Okay, this isn’t a basketball blog, but I can’t let Tom Crean’s criticism after Saturday’s loss pass gently into the night without comment. In particular, this.
″…It’s all on me because I’m the one that decided to keep these guys,” said Crean. “It’s all on me, and I get it, because the last thing I can do with making decisions on keeping guys in the program in the spring is now get overly mad at them because I’m the one that made the decision.
“So I live with that every day, and it doesn’t mean that they’re not great kids, but very few programs when there’s a takeover, OK, when you have guys that haven’t done it at any point in time really in their career — those guys, they move on. That’s what happens in a job change, and I didn’t do that. And so I’m not going to complain, and we’ve just got to keep doing everything we can do to fix it and make it better.” [Emphasis added.]
That part in the bold is what happens when frustration makes a coach say the quiet part out loud. Greg McGarity made this absurd attempt to deflect from it.
“I think his comments were misinterpreted,” said McGarity. “From the very onset, if you look at the press conference in its entirety, he led off by taking full responsibility for everything. I think Tom cares deeply about these players and the perception that he was not caring or trying to shift blame to them was certainly not taken that way.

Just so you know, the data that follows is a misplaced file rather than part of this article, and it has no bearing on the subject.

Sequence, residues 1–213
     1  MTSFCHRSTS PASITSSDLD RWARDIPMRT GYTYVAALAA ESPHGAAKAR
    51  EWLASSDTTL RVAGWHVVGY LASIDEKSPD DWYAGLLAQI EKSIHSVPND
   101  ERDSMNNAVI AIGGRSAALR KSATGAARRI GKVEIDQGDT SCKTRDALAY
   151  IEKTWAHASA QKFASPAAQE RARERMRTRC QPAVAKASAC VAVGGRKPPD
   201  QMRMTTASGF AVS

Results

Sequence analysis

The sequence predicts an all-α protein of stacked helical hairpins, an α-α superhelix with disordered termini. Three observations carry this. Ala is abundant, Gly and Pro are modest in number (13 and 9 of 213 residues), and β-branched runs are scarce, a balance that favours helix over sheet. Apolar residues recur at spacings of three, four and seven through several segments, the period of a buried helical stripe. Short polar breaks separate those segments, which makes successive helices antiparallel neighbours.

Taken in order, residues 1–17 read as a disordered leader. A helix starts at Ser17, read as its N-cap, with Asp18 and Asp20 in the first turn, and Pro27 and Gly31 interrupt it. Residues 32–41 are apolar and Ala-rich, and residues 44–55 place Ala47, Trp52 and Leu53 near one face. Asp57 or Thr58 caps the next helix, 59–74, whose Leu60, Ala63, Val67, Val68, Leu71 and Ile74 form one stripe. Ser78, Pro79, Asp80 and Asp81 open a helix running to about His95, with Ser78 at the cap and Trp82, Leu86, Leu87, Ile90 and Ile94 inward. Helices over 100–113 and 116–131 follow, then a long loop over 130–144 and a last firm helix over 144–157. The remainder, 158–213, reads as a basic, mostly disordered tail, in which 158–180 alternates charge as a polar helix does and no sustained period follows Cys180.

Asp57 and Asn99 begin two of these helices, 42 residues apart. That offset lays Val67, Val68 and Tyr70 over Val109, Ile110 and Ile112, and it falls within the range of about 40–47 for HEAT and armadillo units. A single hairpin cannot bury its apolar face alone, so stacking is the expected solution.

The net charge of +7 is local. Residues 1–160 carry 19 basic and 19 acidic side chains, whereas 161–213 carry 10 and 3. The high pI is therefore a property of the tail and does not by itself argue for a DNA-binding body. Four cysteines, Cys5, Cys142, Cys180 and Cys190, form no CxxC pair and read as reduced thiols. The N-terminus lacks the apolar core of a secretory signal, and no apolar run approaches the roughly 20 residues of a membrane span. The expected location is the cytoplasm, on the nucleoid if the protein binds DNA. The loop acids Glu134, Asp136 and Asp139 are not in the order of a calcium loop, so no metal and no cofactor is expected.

″…If you look at the whole press conference in its entirety, instead of maybe pulling a couple of graphs out and singling out those, it didn’t portray the whole story.”
Now, it’s easy to let the focus of the comment center on player criticism, as McGarity tried to do there, but what’s really telling is the admission that some players are led to move on when there’s a coaching change. Crean is merely stating the obvious: coaches are paid to win, and if you don’t think you’ve inherited kids who can contribute, business decisions are inevitable.
Just as obvious, though, is the question being begged here. If that’s reality from the coaches’ standpoint, why should players be held to a different standard when it comes to making similar business decisions? I expect Thomas Mars and others of his ilk will have Crean’s name on their lips going forward. Maybe you should, too.